Christmas Tree Compromises

Why do I buy a live Christmas tree? Well, I have to be honest and admit that I didn’t always buy a live tree. I’ve actually owned an artificial tree for almost 20 years. I have lots of beautiful and very fragile old ornaments and I have always been afraid of weak branches allowing my ornaments to fall crashing to the ground. However, a decade ago my husband put his foot down and insisted on getting a live tree in addition to our artificial tree. He missed the smell and the tradition. What kind of Christmas memories, he asked, would the kids have if we didn’t get up one frigid Saturday morning in December and dutifully follow him across a hillside with an ax, arguing about whether he gets a fat tree or I get a more graceful, slender tree? He was right about having a live tree, although don’t tell him that I said so. There are many perks to buying a live Christmas tree.
1. The smell! Is there anything that says Christmas more than the smell of a fir tree? Well, maybe the smell of gingerbread, but since my entire existence revolves around food, nobody is going to be surprised by the fact that I am willing to go to bat for gingerbread here on the Christmas smell chart.
2. The experience. The kids do a lot of complaining about getting up before noon to drive to a farm and walk across a field. They argue endlessly about which tree we are getting. One of them usually gets hives. But every year, they want to know when we are getting the tree. If I offer the option of not having the live tree, it’s met with a mixture of disbelief and anger. So out they go, complaining merrily all the way.
3. The environmental impact. What? How is cutting down a tree good for the environment? Aha! Here it is. Christmas tree farms are a sustainable and environmentally friendly enterprise. Christmas tree farmers plant thousands of trees each year. Those trees grow for almost 10 years before they are large enough to cut. That’s a decade of benefits per tree and when those trees are cut, the tree farmer generally plants at least one more in its place. Tree farms aren’t cutting down old growth timber out of forests to sell to consumers. Think of the Christmas tree as a huge crop, like tomatoes and lettuce. You grow trees intended for harvest and reap all the added environmental benefits of having millions of extra trees growing each year. Artificial trees are made of plastic and millions of those trees end up in landfills each year. The majority of the artificial trees that are sold in the US are made in China and shipped to the United States. Even with the necessary chemical interventions required to keep live Christmas trees at their optimum, the current accepted estimate is that you have to reuse your artificial tree for a minimum of seven years for the environmental impact of a live tree to be equal to that of an artificial tree. To be honest, many of the pre-lit trees that are being sold these days don’t seem to last very long.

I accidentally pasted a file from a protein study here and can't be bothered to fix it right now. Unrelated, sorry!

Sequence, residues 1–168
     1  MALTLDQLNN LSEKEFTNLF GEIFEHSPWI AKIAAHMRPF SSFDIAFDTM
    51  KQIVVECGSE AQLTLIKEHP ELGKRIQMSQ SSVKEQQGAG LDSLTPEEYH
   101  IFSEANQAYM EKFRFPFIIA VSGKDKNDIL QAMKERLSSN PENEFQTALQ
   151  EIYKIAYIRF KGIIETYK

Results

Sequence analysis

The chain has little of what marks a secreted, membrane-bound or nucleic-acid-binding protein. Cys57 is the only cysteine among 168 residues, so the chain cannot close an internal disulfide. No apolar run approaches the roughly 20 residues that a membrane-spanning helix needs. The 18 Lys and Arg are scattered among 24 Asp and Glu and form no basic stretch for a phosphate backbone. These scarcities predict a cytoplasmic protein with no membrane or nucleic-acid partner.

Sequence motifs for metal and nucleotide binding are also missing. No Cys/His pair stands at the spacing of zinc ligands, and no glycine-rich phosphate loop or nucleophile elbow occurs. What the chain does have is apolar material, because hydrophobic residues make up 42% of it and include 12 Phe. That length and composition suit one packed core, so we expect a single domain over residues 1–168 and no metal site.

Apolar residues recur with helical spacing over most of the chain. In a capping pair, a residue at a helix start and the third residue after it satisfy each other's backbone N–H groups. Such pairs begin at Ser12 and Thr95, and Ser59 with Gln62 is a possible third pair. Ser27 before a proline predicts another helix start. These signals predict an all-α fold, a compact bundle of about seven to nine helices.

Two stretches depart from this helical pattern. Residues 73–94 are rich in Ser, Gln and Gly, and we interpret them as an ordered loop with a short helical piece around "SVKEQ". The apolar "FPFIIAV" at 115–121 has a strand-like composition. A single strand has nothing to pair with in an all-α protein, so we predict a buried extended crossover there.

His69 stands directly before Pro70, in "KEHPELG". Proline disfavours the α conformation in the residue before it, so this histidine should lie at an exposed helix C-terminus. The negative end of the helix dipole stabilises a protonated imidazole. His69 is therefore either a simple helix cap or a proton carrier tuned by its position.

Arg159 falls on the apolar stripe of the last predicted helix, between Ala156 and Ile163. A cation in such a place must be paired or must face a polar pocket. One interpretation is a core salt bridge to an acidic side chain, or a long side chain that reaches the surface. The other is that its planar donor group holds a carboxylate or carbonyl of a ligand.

4. The economic impact. This is where your decisions matter to your community. Big box stores generally buy their trees in bulk from states like Oregon where there are massive commercial wholesale tree farms. They ship those trees across the US and then you purchase them at your local big box store. But when you buy a tree from a local tree farm, you’re keeping your money in your community. The family that owns that tree farm is using those funds to support their households. They’re keeping their farmland from being developed into housing and preserving local rural businesses. There is less environmental impact because your trees aren’t being shipped from thousands of miles away, and you are literally keeping the dollars you spend in your own community. The Christmas tree industry is a billion dollar industry. That’s lots of American jobs raising, harvesting, and preparing Christmas trees and that money stays right here at home.
Sure, there are cons to live trees. They’re more work. You MUST water them daily. A dry tree is a dangerous tree and live trees aren’t sprayed with fire retardant chemicals to make them safer (I’ll leave it to you to decide if that’s a pro or a con). They’re messy, although they’re a lot less messy if you follow rule number one and water that tree daily. But needles drop and they have to be swept up. Some folks have famously had issues with squirrels. I will admit that although I have never experienced a single squirrel issue yet, we do get spiders occasionally. Having the tree farm shake your tree before you take it helps tremendously.
You also have to properly dispose of the tree at the end of the season. Lots of places offer recycling and removal services if you live in the city. We usually use ours as a winter garden mulch. I drag the tree outside and use the cut branches to cover some of my less hardy plants, it keeps the ice off of them and offers them winter protection. During the spring thaw, those branches go to the compost pile or are shredded into mulch for the blueberries. We use the trunk during the summer as logs for our outdoor fireplace where we enjoy roasting hot dogs over our Christmas tree while we look at the stars. If you don’t want to mess with the tree at all while the snow is falling, just lay the tree outside near the woods and let the wildlife use it as a great winter shelter. A bonus if you leave it upright next to a fence and use it to hang your bird feeders or suet cakes, the birds will adore the sheltered space and flock to its branches. I’ve never had a moment of regret about our decision to include a live tree in our holiday festivities. I look forward to seeing you at one of our many local tree farms, many of which offer a variety of activities this holiday season. We will be the family arguing loudly about whether tall or fat trees are perfect Christmas trees. Blessings to you all.

By April Lovejoy

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